The APT (Association for Play Therapy) has some wonderful resources for parents on their website. This link will describe what to expect when you begin Play Therapy with your child: What to Expect in a Play Therapy Session – Association for Play Therapy.
This year I vowed to improve my health on many levels. Last year I had a bit of a scare and had some tests run leading to acquire a diagnosis of Meniere’s Disease. Thankfully it’s not as bad as my mind was leading me to fear. It is something I can live with and make sure I’m taking care of my body so I don’t have to deal with it often. I have been a little worried about food we eat for a while, and I can often get on a soapbox over nutrition while discussing it with people. However, I continued on the same path. Well, all that has changed this year.
January 5th I began a lifestyle change. I read “It Starts with Food” by Dallas and Melissa Hartwig.
Although I already knew what we consider food in this country is equal to pure junk for our bodies. We might as well eat trash. Most of what we consume is not natural. I won’t get into the nuts and bolts of it. I will just say, if this has ever been your worry read about it and make a change.
I began the Whole30 program on January 5th along with a crossfit program called HIIT that I do at home on my own. You can read about it here. I thought I was pretty fit prior to this, as I ran regularly. However, there were still areas I wasn’t seeing change in. And one thing I’ve struggled with for a while is feeling exhausted from the time I would get up until bedtime. I’ve never been a good sleeper, especially after having kids. I knew something had to be wrong because at 34, I still should feel pretty young. Plus my bloodsugar has been all kinds of crazy this past year due to my hypoglycemia issues.
I’m on Day 21 right now! I feel wonderful! I’m committed to this change and I’m not stopping. If you need a boost in your life and feel you have a poor relationship with food and your body, I encourage you to make a commitment to yourself. God only gives us one physical body that has to last us our lifetime. Shouldn’t we want only the best for it?
I will spend the next few weeks sharing my success with you as I count down to the last 9 days of my Whole30 and the beginning of my new life. I hope to encourage you with my story of transformation!
The holidays are wrapping up and that leads to thoughts of the New Year. I’m not typically one to buy into the New Year’s resolutions but maybe you are, and that’s OK. My opinion is that you can start fresh any day. There’s no need to wait until the New Year to make a change in your life. I have found in the past that when I have tried to make a “radical” New Year’s resolution, I often failed. Changes have to start small and need to be intentional. Before you go about making radical changes, here are some tips on how to set yourself up for SUCCESS.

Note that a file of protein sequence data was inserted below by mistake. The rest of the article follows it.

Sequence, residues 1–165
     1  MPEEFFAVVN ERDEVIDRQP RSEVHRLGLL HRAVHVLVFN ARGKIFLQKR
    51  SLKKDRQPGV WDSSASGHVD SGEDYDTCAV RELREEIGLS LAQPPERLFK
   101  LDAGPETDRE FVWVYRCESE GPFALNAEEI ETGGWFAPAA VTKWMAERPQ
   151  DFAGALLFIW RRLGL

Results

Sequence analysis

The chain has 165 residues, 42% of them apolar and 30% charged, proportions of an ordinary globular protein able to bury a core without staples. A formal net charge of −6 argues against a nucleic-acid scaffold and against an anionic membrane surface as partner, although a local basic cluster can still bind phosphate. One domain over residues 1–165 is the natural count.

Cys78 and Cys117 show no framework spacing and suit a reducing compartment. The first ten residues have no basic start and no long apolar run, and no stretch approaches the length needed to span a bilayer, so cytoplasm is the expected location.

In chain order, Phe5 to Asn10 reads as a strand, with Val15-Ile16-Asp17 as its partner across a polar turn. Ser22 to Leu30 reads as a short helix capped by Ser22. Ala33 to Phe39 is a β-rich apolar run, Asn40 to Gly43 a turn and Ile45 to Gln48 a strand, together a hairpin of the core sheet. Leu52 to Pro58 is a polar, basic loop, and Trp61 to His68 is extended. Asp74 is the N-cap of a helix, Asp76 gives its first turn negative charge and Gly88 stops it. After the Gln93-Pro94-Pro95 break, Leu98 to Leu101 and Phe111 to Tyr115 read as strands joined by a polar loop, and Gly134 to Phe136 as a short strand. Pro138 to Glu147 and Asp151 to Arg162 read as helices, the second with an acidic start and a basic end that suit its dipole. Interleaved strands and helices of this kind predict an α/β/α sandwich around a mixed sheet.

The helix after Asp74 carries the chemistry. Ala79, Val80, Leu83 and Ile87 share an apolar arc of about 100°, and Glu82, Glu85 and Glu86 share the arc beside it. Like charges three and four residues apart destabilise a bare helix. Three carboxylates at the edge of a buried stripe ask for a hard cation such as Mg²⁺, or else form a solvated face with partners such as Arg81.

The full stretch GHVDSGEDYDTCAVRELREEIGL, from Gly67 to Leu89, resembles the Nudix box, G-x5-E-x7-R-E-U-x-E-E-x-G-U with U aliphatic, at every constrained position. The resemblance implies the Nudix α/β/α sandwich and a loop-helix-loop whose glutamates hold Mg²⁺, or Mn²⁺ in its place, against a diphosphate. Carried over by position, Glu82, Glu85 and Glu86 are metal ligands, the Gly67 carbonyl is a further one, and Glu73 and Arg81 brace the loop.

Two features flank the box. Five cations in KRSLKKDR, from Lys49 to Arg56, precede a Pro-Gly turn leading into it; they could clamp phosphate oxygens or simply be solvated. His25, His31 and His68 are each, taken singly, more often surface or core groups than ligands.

1. Make a list of the changes you know you need to make.
For me right now, I need to get back into my fitness routine. I have fallen back on this due to a recent sickness I was suffering from the past month. My go to routine is to run every other day, but right now my goal is just to do some sort of exercise every other day as running may not be doable every time for me.
I also need to clean up my diet. I typically count calories, but I am now ordered to be on a low sodium diet due to recent health changes. I plan to start eating clean and eating meals at home (meaning I will prepare for times I am out past lunch and bring food rather than grab fast food).
I also need to be intentional about being in God’s word daily, several times a day. If I’m going to fight the good fight, I must be prepared mentally and spiritually.
While it’s good to have a list, don’t overwhelm yourself with trying to change all these things at one time. Pick the biggest bang for your buck. What is going to have the most impact. Or you may want to start small if you are one who often sets goals and fall short leaving you disappointed in yourself and discouraged. These goals of mine are things I have been doing for a long time, but I need to clean it back up a little and reset my mind and body.
2. Once you have picked a goal, set a date.
Decide when you can start this goal. If you are working on your diet, and you have a few more holiday parties to attend, you may want to wait until those are over. You don’t want to feel like a failure in the beginning.